Imagine a scenario whereby at the start of a building project, an architect is engaged by the employer (who, for the purposes of the CDM Regulations 2015, is the Client) and appointed to act as Principal Designer in accordance with the CDM Regulations. The project is being procured via a design and build contract. Upon execution of the building contract by the employer and design and build contractor, the architect is novated to the contractor.
There are many different types of contract in the construction industry which a company may enter into to procure a building or facility. The different contract forms have generally become known as: traditional contracts, design and build contracts, management contracts, and integrated contracts.
Design and Build procurement works on the basis that the main contractor is responsible for undertaking both the design and construction work on a project, for an agreed fixed price.
Design and build projects can vary depending on the extent of the contractor’s design responsibility and how much initial design is sought in the employer’s requirements. The level of design responsibility and the input from the contractor is much greater on design and build projects than in standard contracts where the responsibilities of the designer builder are distinct and separate.
Adequate time must be allowed to prepare the employer’s requirements (the employer usually appoints consultants to facilitate this), as well as time for the contractor to prepare their proposal and tender price. It is vital that the proposal matches all of the employer’s requirements before any contract is entered into.
The employer has control over the design brief and the project requirements, but once the contract is agreed the responsibility over design passes to the contractor, so the employer has less direct control over the contractor’s detailed design.
The contractor can carry out the design in a number of ways. Often they will appoint their own consultants or use their own in-house team. It is also common practice for the contractor to take on the employer’s consultants and continue to use them to complete the detailed design under what is known as a novation agreement.
Novation transfers both the rights and obligations of the outgoing party to the incoming party, whereas assignment is the transfer of rights only. It is not possible to assign contractual obligations to another party. Innovation requires the consent of all parties in order for it to be valid (normally by way of a tripartite agreement). Conversely a contract may be assigned without consent, save for where there is an express contractual provision to the contrary. Novation gives rise to a new agreement on the same terms as the original agreement, with the original agreement being discharged. Once an assignment occurs, the original contract is not extinguished and, consequently, the assigner will remain bound by any prospect of obligations and liabilities under it.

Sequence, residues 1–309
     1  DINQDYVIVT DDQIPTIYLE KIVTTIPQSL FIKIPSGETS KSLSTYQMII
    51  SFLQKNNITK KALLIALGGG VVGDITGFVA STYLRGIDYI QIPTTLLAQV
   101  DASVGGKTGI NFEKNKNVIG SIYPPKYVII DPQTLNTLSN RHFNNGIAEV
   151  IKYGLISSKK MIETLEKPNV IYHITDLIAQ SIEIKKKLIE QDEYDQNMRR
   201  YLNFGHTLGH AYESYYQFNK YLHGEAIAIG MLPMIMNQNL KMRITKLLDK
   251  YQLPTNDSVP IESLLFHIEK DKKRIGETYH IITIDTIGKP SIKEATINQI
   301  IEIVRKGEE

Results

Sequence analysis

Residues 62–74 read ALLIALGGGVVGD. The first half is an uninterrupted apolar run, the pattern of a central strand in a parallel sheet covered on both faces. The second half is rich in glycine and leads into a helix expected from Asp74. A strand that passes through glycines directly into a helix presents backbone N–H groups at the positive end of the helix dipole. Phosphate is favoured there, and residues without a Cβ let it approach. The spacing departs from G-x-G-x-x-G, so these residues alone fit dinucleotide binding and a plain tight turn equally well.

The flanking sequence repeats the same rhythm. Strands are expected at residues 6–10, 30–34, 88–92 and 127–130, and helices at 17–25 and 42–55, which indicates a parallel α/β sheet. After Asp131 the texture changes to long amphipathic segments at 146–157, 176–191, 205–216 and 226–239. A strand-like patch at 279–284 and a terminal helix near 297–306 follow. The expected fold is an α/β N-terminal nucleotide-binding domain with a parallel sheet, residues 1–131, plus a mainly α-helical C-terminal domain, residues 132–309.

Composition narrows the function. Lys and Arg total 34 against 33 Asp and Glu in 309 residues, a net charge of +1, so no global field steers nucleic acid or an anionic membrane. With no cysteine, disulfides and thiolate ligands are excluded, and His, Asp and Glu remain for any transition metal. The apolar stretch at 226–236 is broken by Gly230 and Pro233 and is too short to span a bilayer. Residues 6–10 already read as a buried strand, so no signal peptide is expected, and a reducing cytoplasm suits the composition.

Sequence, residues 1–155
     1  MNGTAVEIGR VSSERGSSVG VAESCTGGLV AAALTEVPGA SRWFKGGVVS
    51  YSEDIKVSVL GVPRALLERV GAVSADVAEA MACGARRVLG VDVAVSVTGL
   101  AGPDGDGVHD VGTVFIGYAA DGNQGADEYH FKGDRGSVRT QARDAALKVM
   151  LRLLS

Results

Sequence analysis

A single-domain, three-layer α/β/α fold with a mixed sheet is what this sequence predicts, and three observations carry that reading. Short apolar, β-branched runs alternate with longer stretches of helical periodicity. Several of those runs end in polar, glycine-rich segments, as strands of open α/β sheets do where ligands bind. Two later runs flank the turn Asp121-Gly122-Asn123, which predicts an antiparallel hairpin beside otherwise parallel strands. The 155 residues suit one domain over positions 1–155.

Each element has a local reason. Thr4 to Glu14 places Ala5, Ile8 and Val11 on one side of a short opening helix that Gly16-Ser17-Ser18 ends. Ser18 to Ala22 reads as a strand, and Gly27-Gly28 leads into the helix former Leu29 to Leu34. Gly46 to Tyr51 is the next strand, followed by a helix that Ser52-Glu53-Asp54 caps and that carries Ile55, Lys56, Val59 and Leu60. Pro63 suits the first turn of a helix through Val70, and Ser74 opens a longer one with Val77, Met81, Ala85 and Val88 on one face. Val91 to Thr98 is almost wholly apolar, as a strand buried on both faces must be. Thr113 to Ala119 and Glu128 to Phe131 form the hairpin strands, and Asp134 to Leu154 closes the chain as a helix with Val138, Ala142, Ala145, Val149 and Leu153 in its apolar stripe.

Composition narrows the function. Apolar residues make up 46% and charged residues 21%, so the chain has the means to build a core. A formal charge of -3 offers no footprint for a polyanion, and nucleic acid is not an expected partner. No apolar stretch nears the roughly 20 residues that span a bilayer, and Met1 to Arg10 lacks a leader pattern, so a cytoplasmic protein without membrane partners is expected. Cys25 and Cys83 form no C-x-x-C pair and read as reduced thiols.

The Health and Safety Executive (HSE) (L) Series guidance on the regulations states that a designer may be the architect, quantity surveyor, consulting engineer, interior designer, temporary work engineer, chartered engineer or anyone else who specifies or alters the design. The principal designer also has control over the pre-construction phase of the project”. The change is intended to encourage an integrated approach to risk management and increased co-ordination at the pre-construction phase of design and build projects.
Under the regulations, the client has a continuing duty to ensure arrangements are put in place to manage health and safety risks. Under the regulations it is not permissible for a client to discharge the principal designer prior to project completion. The HSE (Legal) Series guidance suggests that the role of principal designer will continue for the duration of the project. So what happens when the architect’s appointment (acting as principal designer) is novated to the contractor, which is an often desirable way of retaining project experience on a design and build project? An architect or any other professional appointed as the principal designer can be appointed in two separate roles as both the designer and the principal designer. When the designer appointment is then novated to that of contractor the client continues to fulfill their obligations under the regulations by ensuring that the principal designer’s responsibilities are discharged.
An alternative approach after novation of the designer is to choose a consultant whose appointment is not intended to be novated to the contractor to act as principal designer however, to satisfy the regulations they would have to be a ‘designer’ with control” of the pre-construction phase. This approach is perhaps less desirable as it incurs cost in addition to instructing the same professional on a designer and principle designer basis.
Unlike its predecessor, the Constructor (Design and Management) Regulations 2007, at the time of writing there is no ACOP for CDM 2015 and no guidance in any of the helpful HSE publications as to a course of action approved or suggested by the HSE to overcome novation based problems. In order to avoid inadvertent non compliance by contractors and construction management professionals the industry would welcome guidance in this area, possibly following a short but focused consultation period with design and build professionals.
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